Favorite Travel Quotes

"Travel is fatal to prejudice, bigotry, and narrow-mindedness, and many of our people need it sorely on these accounts."
-- Mark Twain
Innocents Abroad

"Stop worrying about the potholes in the road and celebrate the journey." -- Fitzhugh Mullan

"A good traveler has no fixed plans and is not intent on arriving." -- Lao Tzu

Old Sturbridge Village

Bert Gildart: With a few quick pulls on a handle, the blacksmith filled the bellows with air which was in turn directed at smoldering embers in an old fashion hearth. Then the young bearded man inserted a piece of metal and heated it until it glowed red. He then removed the metal from the fire and began pounding it until it assumed a predetermined shape, which at times was a horseshoe, other times an implement of some type.

The setting was a scene from Sturbridge Village, a village recreated to preserve and celebrate a way of life which existed in the mid 1800s in Massachusetts.

The plan was conceived by members of the Wells family, who purchased in 1936 an old farm belong to the Wight family. It was their intention to create a historical museum in which to display their collections of antiques and to portray a way of life that once existed in New England.

The village was a made-for-us opportunity, as it provided us a chance to learn about the history of this part of the country and do so with our grandchildren, Cassidy, Griff and Piper and their parents, Alun and Karen Polga. Cassidy and Griffin immediately recognized the opportunities and climbed aboard the stand from which they then poke their faces, instantly transforming themselves into soldier and drummer.

Opportunities to immerse yourself in our historic past are fast fading fast from our country, and sadly, Old Sturbridge Village may be struggling to stay out of the red, for apparently the majority of Americans aren’t all that interested in history, preferring instead to visit theme parks (carousel rides, water slides, etc.) , rather than to visit parks interpreting our national heritage. That is a sad commentary, as the village provides excitement for people of all ages—and a golden opportunity to learn. For me personally, the village offered interesting photographic settings, filled with lighting opportunities that proved artful.

Old Sturbridge Village is set along the Quinebaug River and sprawls over about a 100 acres of land. Building were purchased or otherwise obtained from various areas of the state and then brought to the old David Wight farm. Throughout Old Sturbridge Village paid interpreters take you back in history. Trails took us to a number of places to include wallows for pigs, a cotton mill, an old Grist Mill and a tin shop.

For me, the tin shop provided unique photo opportunities because the light was so soft, lacking the type of contrast that would have completely washed out detail inherent in the bright tin and the dark walls.

What’s more the interpreter was engaged in the making of a number of objects which were used in the 1800s, such as plates, tin cups, and washing bowls. Virtually all of these objects can be purchased at one of the local shops.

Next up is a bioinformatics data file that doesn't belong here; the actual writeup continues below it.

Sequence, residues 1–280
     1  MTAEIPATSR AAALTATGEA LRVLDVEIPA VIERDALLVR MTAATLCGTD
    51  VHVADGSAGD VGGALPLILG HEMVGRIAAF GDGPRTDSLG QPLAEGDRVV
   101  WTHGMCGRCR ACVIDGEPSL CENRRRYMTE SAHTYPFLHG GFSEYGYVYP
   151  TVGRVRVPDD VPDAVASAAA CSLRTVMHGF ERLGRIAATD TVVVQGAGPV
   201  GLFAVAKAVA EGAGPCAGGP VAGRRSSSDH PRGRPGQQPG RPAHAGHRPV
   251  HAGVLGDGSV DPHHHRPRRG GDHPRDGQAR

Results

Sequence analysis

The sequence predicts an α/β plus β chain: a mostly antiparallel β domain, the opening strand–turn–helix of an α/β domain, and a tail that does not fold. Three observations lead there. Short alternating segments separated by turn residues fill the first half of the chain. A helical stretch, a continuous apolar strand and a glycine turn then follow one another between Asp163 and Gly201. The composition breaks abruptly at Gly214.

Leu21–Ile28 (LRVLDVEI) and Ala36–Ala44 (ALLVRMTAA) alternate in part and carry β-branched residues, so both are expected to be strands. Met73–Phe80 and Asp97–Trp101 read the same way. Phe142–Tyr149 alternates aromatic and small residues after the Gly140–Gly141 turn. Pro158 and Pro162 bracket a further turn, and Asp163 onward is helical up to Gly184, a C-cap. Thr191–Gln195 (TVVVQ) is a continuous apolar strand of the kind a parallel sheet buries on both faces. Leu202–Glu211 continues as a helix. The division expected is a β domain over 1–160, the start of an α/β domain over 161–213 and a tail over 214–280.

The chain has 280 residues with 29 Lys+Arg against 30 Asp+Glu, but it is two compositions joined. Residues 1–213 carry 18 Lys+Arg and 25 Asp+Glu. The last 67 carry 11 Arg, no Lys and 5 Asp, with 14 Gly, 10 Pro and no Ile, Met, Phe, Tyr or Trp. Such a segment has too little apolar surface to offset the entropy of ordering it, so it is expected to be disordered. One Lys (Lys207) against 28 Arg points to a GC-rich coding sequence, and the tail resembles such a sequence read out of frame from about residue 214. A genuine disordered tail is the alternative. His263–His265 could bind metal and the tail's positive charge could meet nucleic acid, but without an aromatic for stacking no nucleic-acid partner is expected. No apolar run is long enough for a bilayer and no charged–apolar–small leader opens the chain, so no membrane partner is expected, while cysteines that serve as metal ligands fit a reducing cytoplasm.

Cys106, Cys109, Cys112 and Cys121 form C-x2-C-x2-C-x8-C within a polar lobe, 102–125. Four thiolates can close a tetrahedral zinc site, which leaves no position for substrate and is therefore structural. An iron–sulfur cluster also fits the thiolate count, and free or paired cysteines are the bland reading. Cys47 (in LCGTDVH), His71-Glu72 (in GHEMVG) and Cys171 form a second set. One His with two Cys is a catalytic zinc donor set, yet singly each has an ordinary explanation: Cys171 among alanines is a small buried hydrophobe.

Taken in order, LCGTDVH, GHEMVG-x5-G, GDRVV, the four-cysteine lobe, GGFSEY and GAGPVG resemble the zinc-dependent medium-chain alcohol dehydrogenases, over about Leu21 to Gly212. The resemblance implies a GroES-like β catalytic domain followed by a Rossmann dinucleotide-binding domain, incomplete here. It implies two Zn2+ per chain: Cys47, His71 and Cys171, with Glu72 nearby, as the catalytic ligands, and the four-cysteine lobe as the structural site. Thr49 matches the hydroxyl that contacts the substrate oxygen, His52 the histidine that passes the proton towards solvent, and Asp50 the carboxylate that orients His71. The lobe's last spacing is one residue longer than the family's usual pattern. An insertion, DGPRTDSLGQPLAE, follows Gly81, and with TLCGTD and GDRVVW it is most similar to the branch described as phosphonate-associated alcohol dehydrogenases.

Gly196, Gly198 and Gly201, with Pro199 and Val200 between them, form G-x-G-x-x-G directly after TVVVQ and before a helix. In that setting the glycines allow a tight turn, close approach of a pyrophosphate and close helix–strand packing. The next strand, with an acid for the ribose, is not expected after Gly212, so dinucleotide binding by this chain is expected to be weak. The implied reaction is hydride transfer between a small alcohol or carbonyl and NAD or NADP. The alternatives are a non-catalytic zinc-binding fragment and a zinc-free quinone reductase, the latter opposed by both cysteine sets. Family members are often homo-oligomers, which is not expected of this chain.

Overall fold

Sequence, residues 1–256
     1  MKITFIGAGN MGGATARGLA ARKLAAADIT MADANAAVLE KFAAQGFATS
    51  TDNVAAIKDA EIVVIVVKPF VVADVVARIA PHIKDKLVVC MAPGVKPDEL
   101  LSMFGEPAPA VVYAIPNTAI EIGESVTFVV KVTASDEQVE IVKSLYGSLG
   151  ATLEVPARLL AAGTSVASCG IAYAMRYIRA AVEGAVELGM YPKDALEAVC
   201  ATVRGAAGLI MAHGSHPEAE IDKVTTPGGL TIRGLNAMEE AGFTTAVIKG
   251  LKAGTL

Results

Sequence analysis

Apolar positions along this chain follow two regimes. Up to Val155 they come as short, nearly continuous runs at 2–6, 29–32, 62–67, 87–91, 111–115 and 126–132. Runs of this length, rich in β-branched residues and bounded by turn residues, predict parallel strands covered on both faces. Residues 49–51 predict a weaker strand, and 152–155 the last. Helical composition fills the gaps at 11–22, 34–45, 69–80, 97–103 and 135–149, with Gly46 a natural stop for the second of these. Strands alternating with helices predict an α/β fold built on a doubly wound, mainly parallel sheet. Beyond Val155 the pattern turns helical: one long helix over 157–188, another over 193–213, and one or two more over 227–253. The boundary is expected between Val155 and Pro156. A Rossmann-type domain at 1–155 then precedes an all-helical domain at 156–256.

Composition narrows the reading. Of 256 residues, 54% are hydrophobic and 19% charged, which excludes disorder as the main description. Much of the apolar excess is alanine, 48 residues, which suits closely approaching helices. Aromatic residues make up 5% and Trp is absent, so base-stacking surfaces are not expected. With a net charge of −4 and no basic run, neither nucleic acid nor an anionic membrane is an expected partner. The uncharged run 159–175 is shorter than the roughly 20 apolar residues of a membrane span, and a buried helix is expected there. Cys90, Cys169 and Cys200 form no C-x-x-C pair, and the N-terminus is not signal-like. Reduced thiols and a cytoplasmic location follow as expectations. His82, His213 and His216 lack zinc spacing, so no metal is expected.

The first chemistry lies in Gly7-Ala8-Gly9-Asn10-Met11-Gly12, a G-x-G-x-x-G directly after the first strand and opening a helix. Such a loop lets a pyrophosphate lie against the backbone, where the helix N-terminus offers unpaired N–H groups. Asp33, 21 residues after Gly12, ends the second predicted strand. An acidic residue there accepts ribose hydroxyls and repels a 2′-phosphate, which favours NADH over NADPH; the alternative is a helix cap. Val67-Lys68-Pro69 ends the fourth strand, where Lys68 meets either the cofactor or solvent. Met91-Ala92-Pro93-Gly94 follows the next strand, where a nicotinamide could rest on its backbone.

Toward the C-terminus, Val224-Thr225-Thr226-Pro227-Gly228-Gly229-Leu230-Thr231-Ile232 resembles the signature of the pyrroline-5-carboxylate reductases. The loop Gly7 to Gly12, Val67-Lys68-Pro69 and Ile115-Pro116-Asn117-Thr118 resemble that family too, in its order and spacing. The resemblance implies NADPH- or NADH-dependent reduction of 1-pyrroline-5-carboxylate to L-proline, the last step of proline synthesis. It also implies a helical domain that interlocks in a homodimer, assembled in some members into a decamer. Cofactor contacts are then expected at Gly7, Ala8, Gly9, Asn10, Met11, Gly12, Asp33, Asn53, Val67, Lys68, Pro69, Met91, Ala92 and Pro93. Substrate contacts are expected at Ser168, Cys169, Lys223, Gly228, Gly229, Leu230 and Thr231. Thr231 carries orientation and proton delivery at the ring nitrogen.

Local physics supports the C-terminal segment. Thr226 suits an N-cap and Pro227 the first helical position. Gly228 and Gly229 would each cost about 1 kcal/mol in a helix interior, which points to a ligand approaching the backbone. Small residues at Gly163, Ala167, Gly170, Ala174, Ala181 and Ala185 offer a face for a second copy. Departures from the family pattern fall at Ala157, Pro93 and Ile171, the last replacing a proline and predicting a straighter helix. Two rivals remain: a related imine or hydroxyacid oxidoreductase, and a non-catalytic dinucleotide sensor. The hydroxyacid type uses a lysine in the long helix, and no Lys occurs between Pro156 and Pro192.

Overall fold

Of course, the most imposing structures were the old Salem Towne House, the old Fenno House and the Center Meetinghouse, with its skyward pointing steeple.

This latter structure served a dual purpose, that of a center of spiritual power and as a symbol of town authority. This structure dates back to 1790, and represents a time of religious revival, a time when residents attended lengthy Sunday morning and afternoon services. Interestingly, not far away were posted the various punishments imposed on those who strayed far from the fold.

Punishments included branding and dunking, in which a person was strapped into a chair affixed with long pole which rotated from its fulcrum up—and down—and then into the river, where they were held until their breath ran out, and sometimes, possibly, beyond the air that a person had inhaled. Times were harsh then, but on the frontier, apparently harsh conditions were needed to control those who strayed to far from the fold.

Throughout the day, demonstrations were held, and these included shooting demonstrations as well as an attempt to launch a hot-air balloon in front of the old Salem House.

Because the wind was blowing so hard, the demonstration was not particularly successful, but it did provide the opportunity to study the old home, which was built, according to the Old Sturbridge Visitor’s guide, in accordance with the principles provided by the 1792 American edition of William Pain’s Practical Builder.

We spent the entire afternoon on the grounds, and concluded as we sauntered along in an old horse-drawn wagon, that for us, at least, this was a wonderful way in which to not only have fun, but to learn much about life the way that it once existed in much more puritanical times.



2 Responses to “Old Sturbridge Village”

  1. Karen Says:

    We had so much fun with you! The kids have not stopped talking about it, and now they believe they are “famous” because they are on your website. I will let them believe. Stay safe and we hope to see you soon!

  2. Juneteenth – Celebrating Freedom From Slavery at Old Sturbridge Village | Bert Gildart: Writer and Photographer Says:

    [...] one of the highlights of our entire 9-month trip (we left Montana in October) has been to visit Old Sturbridge Village, something I’ve reported on several times before.  Justifiably, the village claims it is a [...]

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